Debt collectors do have a right to contact you if you are the executor of the estate or the person authorized to pay the decedent’s debts, but they don’t have the right to harass you or mislead you into thinking that you are legally responsible to pay the debt. If they do contact you and you want them to stop, you have the right to ask them to stop calling – you need to send them a letter stating that you do not want the collector to contact you again. Send it by certified mail. This will stop them from contacting you – but it won’t stop them from taking action to get you to pay, such as filing a lawsuit to collect on the debt.

Here’s a good article from the Federal Trade Commission about your rights under the federal Fair Debt Collection Practices Act, which prohibits debt collectors from using abusive, unfair, or deceptive practices to try and collect on a debt.

Liza Hanks is an attorney, writer, speaker, and podcast host with a passion for making legal concepts clear and accessible to everyone. She is a partner at GCA Law Partners LLP in Mountain View, California, where she practices estate planning, trust administration, and probate law. She doesn’t think estate planning is or should be boring. She thinks death is like sex, really. We all do it, we all have questions about it, most of us don’t know who to ask these questions, and most of us are interested in everyone else’s questions.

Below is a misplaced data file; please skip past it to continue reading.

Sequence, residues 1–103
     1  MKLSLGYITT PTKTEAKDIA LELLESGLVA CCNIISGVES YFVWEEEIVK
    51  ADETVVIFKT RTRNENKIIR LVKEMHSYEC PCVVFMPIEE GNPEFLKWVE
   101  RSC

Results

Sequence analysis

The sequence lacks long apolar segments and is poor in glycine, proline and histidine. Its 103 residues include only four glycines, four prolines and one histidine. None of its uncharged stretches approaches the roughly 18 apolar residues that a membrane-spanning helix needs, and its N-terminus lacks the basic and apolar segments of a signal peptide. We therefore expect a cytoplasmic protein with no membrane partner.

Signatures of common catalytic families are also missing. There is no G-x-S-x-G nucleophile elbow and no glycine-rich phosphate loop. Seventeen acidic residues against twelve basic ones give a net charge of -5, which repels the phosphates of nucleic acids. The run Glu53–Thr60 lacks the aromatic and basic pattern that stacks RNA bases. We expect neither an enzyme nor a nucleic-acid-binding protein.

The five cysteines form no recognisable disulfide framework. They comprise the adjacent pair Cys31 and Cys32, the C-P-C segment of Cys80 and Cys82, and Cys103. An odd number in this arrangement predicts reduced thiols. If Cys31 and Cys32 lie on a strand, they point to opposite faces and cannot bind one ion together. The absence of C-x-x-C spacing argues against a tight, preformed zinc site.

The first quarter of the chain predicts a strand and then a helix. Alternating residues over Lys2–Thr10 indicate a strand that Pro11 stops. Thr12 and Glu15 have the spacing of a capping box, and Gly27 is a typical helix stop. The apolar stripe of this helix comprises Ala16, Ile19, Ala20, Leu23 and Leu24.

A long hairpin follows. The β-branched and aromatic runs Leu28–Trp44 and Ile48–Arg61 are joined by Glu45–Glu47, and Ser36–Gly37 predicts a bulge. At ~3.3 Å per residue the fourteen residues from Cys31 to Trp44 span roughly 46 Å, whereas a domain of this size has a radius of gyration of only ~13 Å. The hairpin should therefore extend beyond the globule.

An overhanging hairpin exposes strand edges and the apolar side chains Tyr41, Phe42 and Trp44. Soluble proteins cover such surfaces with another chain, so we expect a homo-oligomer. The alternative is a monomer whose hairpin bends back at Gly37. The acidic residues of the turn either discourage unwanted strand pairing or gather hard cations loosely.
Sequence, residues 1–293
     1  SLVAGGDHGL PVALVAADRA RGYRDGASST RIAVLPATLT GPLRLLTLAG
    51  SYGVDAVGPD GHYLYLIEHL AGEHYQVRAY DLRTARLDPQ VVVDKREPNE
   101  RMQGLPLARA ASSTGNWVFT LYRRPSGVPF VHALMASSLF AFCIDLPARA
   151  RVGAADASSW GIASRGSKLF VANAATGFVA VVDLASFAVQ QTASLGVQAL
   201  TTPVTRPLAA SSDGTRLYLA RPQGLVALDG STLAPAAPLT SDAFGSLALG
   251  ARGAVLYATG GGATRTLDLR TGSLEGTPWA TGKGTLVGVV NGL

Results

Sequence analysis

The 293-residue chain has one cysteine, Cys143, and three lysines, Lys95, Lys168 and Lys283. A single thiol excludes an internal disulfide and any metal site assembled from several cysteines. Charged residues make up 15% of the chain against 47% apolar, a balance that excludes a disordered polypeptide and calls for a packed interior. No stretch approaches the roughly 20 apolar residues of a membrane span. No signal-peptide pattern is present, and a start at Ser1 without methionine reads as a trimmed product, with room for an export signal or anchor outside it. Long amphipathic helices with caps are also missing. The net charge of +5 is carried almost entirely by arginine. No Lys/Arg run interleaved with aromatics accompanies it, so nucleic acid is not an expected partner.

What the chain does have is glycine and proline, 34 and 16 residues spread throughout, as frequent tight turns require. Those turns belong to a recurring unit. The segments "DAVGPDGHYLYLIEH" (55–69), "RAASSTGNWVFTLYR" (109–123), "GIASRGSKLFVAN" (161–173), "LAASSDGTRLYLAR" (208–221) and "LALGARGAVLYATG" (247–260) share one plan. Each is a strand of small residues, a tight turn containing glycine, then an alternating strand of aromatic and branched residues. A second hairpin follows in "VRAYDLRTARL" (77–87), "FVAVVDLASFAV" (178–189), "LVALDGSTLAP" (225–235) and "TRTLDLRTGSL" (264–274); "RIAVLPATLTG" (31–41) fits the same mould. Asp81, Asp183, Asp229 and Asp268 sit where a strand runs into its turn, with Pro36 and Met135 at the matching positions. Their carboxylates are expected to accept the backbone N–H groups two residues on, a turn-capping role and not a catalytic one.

Question #1 is excerpted from Every Californian’s Guide to Estate Planning, by Liza Hanks (Nolo, Inc.), with the permission of the publisher, Nolo, Inc.

This post is brought to you by Modern Loss and Liza Hanks, and in addition to the terms conditions set forth in Modern Loss’ Terms of Service, the following additional disclaimers apply:

1. The information provided to you by Liza Hanks is provided for informational purposes only, and cannot be construed as legal advice of any kind. You should always consult a licensed legal professional in your jurisdiction prior to making any decisions that may require legal counsel.
2. No client-attorney relationship of any kind, implied or in-fact, is created by the publication of this post. 

Estate Department logo by Frances Tremblay.